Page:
A couple of gas stations near my house have closed in the past few months, victims of the economy and low gas prices.
Even the graffiti writers can't resist rubbing it in:
I say good riddance. You could argue that gas stations contribute to global warming twice--once when people fuel up, and again when people choose not to walk because they don't want to go past an ugly gas station. They're like holes in the city's fabric, ruining the visual definition and symmetry of a street. Not surprisingly, people will sometimes go to great lengths to avoid walking past them. It amazes me that with as much zoning and regulatory control the city exerts over land use, gas stations still end up on pedestrian-friendly streets, next to historic buildings, and so on.
I was hoping to do a post on the "trend" of gas stations closing, but it takes three things to make a trend, and I only know of two. Keep hope alive, though! There are plenty of other gas stations that I have my fingers crossed about.
This one on Lakeshore at the intersection of Lake Park is awful. On a street that's great for retail and where space is precious, this blots up the landscape. I actually think a parking lot would be a step up from this. Although I suppose it's good for business on the other side of the street, since everybody crosses over to get where they're going.
This one on Piedmont Avenue is another winner:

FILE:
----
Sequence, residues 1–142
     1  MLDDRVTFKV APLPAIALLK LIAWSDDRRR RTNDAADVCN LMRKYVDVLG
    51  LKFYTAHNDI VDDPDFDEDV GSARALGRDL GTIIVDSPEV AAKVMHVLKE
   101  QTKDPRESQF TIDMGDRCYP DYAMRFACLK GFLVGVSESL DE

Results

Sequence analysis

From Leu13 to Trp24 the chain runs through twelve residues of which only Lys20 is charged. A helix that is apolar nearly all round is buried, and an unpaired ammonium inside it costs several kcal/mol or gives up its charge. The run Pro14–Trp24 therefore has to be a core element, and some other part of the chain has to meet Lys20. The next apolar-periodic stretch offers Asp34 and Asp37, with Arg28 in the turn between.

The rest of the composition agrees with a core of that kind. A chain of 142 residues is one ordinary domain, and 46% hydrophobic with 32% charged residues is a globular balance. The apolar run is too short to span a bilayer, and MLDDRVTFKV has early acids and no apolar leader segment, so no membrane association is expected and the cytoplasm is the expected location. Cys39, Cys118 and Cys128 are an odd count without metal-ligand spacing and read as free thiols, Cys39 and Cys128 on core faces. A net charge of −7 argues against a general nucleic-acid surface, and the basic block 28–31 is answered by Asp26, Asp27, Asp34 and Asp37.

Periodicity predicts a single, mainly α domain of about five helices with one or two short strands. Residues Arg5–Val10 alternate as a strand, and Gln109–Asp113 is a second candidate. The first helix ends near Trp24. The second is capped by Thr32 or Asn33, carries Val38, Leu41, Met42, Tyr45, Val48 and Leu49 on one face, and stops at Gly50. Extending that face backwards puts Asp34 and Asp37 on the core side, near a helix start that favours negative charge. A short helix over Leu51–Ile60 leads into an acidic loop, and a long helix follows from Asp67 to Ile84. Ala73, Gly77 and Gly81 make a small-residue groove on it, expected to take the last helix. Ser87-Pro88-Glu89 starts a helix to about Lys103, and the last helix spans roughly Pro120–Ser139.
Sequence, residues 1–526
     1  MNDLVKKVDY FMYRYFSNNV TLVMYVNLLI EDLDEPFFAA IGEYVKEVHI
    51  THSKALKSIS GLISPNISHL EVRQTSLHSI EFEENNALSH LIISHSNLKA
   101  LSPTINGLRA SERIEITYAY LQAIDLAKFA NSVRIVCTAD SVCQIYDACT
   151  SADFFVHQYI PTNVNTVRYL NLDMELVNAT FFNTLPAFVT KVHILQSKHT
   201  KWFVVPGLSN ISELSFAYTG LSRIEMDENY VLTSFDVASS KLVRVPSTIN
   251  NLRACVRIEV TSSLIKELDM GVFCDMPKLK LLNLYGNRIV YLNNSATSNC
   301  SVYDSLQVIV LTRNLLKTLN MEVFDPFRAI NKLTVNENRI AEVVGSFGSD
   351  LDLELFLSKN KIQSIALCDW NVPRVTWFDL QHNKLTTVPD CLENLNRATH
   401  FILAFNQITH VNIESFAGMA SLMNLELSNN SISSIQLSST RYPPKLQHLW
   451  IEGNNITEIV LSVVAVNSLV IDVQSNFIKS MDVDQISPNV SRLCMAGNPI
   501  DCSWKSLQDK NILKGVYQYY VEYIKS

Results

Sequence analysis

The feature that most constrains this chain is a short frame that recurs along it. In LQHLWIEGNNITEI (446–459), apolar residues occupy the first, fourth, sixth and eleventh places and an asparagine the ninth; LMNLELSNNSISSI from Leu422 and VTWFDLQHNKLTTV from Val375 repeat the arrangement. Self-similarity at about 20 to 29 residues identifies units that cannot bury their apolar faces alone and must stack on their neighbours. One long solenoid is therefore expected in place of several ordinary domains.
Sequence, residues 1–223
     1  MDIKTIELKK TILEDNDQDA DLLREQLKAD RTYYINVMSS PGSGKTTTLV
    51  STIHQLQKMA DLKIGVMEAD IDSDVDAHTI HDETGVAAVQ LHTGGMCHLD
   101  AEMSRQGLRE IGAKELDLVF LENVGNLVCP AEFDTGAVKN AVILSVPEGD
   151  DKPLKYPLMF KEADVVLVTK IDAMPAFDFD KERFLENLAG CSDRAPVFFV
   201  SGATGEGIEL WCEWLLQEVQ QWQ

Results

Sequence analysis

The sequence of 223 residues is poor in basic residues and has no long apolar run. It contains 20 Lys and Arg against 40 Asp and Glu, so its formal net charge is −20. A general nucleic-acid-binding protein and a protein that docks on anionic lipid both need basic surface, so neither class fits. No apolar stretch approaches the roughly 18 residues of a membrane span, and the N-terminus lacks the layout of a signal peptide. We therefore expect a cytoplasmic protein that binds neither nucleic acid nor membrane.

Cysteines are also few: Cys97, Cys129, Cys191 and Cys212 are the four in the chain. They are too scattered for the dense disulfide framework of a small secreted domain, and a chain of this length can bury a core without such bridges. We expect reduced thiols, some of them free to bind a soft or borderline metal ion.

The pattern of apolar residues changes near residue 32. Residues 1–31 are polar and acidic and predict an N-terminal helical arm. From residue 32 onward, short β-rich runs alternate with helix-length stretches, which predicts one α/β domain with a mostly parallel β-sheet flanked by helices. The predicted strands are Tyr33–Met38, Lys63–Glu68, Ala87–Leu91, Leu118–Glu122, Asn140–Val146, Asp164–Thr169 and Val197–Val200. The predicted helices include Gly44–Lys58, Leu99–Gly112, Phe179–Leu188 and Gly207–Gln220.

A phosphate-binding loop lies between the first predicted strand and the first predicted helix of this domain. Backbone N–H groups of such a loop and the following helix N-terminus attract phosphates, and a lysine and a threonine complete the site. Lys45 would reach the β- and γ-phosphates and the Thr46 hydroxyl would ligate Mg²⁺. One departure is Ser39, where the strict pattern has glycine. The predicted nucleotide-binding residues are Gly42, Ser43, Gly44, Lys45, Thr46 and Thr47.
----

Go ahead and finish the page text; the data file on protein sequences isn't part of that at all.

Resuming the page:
I can't capture the whole street in a picture, but this station sits between the Landmark Piedmont movie theater, L'Amyx teahouse, and a beautiful old church. Pedestrian-friendly streets are still scarce enough in Oakland that they deserve some sort of protection from this kind of blight.
My unscientific analysis indicates that there are just too damn many gas stations in Oakland. Many, even most, of them seem to have a pretty low volume of business--probably because people tend to shop around for the cheapest gas, and you're not going to find it on Lakeshore. Everybody in my neighborhood goes to the Arco station on Park Blvd, not the half-dozen other stations nearby.
I don't know what sort of cleanup or other costs are associated with converting gas stations into storefronts--somebody fill me in on this--but here's hoping that change can happen. After all, the market has spoken.
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